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Training soldiers to be around Iraqis
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The soldiers came again this morning. This time they knocked instead of breaking down our door.
It might have something to do with my husband beckoning through the window. He told the soldiers about the cache of weapons nearby. They finally found the weapons the insurgents had stored and the insurgents.
They killed Mustafa, but he was an evil man, making things worse for our village.
The soldiers hadn't been in the village 10 minutes when one of them was killed. They are just children, younger than my brother when he died. It hurts me to see these children fighting.
My husband left for the mosque and I watched out the window for awhile before I left to go see my friend Aminah. She lives four houses away from me. I kept near the sides of the building when I could and though I didn't run, I walked very fast in the open spaces.
When I got to Aminah's house, she wasn't there. Her husband, Abdul was and he said, "I told that woman, not to go out, she'd get shot, but did she listen? No, she did not. She went to the market anyway."
I thanked him and went on to the market to find Aminah.
When I got to the market I saw a fight breaking out between my neighbor and Anbar, the black market dealer. Anbar was selling cheap gas. The problem was it wasn't pure and it had caused several people trouble with their vehicles.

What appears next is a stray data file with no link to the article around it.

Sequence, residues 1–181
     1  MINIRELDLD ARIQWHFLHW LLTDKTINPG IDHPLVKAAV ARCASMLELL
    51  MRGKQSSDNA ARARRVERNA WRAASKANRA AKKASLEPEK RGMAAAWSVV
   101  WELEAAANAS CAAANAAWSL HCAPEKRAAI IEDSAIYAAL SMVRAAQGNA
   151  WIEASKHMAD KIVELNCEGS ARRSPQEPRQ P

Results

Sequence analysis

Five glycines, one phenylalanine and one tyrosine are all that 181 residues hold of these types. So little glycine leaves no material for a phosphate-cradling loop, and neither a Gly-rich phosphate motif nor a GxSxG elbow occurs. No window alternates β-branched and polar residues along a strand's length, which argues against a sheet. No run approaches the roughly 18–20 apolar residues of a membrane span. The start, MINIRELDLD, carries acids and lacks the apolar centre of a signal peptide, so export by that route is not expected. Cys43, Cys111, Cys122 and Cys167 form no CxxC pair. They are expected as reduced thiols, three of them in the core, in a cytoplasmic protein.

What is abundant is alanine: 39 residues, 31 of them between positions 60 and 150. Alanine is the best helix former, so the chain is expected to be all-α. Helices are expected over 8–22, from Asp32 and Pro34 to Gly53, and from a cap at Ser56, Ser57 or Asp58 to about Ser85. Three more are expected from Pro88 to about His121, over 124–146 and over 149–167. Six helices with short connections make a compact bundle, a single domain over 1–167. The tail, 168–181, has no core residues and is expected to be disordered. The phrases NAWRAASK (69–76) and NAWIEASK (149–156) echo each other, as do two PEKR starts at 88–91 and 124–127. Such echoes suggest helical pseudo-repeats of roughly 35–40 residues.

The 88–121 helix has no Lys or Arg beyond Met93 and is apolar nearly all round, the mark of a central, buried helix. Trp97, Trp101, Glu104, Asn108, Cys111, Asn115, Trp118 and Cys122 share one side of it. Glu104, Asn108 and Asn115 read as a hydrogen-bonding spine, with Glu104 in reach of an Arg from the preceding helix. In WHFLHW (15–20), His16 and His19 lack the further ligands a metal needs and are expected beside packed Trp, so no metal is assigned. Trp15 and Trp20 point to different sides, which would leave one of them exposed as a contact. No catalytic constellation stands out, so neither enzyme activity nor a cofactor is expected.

As they screamed at each other our local police and some American soldiers came up and finally arrested Anbar. The people in the market cheered as the police took him away and closed the gas sales.
I saw Aminah across the market and went to join her. We decided to go back to her house.
Just as we left the cover of the market, fighting broke out between the local insurgents and the American soldiers. We turned and ran back to the market, getting down under the edges of a market stall. We heard mortar fire and then all was quite.
We went on to Aminah's house. All afternoon we heard machine gun fire throughout the town. We wanted to go back out, but Abdul wouldn't let us leave the house.
"Are you crazy?" he said. "You could get shot. Stay in here. Do not go outside."
So we stayed in the house and listened to the gun and mortar fire as the soldiers and insurgents fought from house to house.
As darkness fell we heard the air strike, our signal that the end of the day had come. We packed up our backpacks and portable chairs and trooped out to the bus for the ride back to Base Camp at Fort Stewart.
"You working tomorrow?" asked Annie.
"Yes, I said, I'll see you then and we can play Iraqi again."
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